Classbook: The New Online Bookstore for Students

By Ethan Woo ’16

Textbooks are expensive.  This is beyond obvious.  Class textbooks cost a small fortune, the average price being somewhere  between $500 and $800.  Groton underwent some drastic changes over the summer but one of the most controversial adjustments is ClassBook, a website that allows you to order  school books online rather than purchasing them in the bookstore.  The idea of digitally ordering textbooks is far more appealing than waiting in long lines, but its execution was not ideal.

Although one of the main concepts of ClassBook is that students would be able to pick up their books, ready to go, as soon as the students arrived on campus, a lot of textbooks had not arrived.  And, despite the passing days, the class materials still did not come, providing a major inconvenience for both the students and teachers.  Some students, during conference or lunch period, paid a daily visit to the bookstore, where they hoped Peggy Duffy would be waiting with a key to unlock the room in the back and hand them a heavy cardboard box containing their books.  But for most students, when they found the time to try and pick up their textbooks, found both the bookstore and the back room, empty.  Students had no way of knowing if their books were hours away from Groton School or right behind a nearby locked door.

If ClassBook is the cause of such blatant irritation for students, why bother sticking with the program next year?  The reason is a financial one.  Originally, Groton had to order books by a certain date, and by that time, there was no way of telling how many students would be in each class.  This means that even though a class will probably need forty textbooks, Groton has to order fifty for precautionary measures.  “And these books are pretty expensive,” says Jim Raney who works in the business office.  “Then later, we find out we only need forty and we have them shipped back but there’s shipping costs so we don’t get the full value in refunds.  But with ClassBook, it’s their responsibility.  They order the books so there’s less risk and we don’t lose money.”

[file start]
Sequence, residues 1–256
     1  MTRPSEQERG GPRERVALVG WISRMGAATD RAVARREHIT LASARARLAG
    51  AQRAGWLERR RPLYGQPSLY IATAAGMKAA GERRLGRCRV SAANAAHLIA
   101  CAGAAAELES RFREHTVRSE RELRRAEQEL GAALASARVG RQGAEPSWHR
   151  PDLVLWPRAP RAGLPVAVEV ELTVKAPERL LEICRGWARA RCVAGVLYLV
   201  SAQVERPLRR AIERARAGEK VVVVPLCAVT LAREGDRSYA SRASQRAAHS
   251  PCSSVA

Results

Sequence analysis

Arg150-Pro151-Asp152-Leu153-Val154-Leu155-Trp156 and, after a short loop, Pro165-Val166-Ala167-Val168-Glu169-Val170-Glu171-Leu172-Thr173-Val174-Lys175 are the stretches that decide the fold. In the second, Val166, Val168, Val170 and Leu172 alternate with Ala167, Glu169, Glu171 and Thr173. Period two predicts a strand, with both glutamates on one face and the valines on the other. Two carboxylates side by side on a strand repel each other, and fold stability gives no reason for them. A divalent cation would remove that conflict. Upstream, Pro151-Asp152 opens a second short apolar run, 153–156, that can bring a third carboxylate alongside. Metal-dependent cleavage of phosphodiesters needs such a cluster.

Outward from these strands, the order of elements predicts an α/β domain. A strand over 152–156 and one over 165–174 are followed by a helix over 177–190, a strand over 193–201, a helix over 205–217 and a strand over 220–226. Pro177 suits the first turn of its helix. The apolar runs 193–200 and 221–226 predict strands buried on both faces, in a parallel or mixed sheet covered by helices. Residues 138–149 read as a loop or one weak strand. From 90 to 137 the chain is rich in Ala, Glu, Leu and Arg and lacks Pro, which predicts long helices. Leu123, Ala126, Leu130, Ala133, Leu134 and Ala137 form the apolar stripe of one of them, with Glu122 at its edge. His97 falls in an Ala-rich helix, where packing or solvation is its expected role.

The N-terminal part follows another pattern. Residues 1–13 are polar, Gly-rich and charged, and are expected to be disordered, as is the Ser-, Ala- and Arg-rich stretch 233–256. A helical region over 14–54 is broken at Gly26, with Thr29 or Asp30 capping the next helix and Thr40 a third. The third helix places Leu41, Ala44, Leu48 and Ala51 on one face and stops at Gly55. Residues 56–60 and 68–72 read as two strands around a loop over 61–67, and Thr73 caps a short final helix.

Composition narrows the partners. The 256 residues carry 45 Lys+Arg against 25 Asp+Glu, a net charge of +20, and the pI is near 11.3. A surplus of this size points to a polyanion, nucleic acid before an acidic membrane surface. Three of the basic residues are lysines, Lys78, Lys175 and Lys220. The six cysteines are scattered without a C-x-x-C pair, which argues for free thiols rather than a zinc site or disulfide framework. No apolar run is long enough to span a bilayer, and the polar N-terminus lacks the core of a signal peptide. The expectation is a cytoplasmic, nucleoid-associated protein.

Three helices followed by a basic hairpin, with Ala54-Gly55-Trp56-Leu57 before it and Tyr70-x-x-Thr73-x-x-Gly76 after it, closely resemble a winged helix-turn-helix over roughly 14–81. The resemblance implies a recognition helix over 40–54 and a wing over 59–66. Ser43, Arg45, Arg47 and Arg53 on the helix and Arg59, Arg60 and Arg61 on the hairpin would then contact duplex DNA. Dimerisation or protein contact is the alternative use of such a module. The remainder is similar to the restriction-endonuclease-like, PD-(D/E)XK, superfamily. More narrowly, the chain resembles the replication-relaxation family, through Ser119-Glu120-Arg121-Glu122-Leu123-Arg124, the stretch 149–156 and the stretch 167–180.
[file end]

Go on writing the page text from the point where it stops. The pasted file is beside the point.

In the event that students lose their textbook, they would have originally been able to walk into the bookstore and buy a replacement in less than ten minutes.  When addressed with this problem, Mr. Raney commented, “I get it, it’s far more convenient.  But it’s too expensive to run a bookstore this way.”  ClassBook is centered in New York so students can get replacements in a maximum time frame of two days.  Theoretically.

As for backorder, students must order their books by September 3rd in order to have them sent on the first ‘bulk shipment’ and be waiting for them on the first day.  “Any time after that, books will be delivered on the next bulk shipment to reduce shipping costs on their part,” Mr. Raney says.  To improve the punctuality of class materials, Groton has made an agreement with ClassBook regarding next year: If a student misses the initial bulk shipment deadline, ClassBook will deliver the textbooks ordered after that every single day despite the raised shipping costs.  This will greatly reduce the amount of books on backorder and it will make ClassBook much more convenient for everyone.

Kathy Leggat addressed the inconveniences many students experienced and invites direct criticism.  “I hope they’ll tell me what went right or wrong, not just, ‘it was awful,’” she says.  ClassBook may not have run as smoothly as desired but it is clear that next year it will be better.  “This is a new program for us too,” Mr. Raney concluded.  “We’re still trying to figure out how to make it work for us.”

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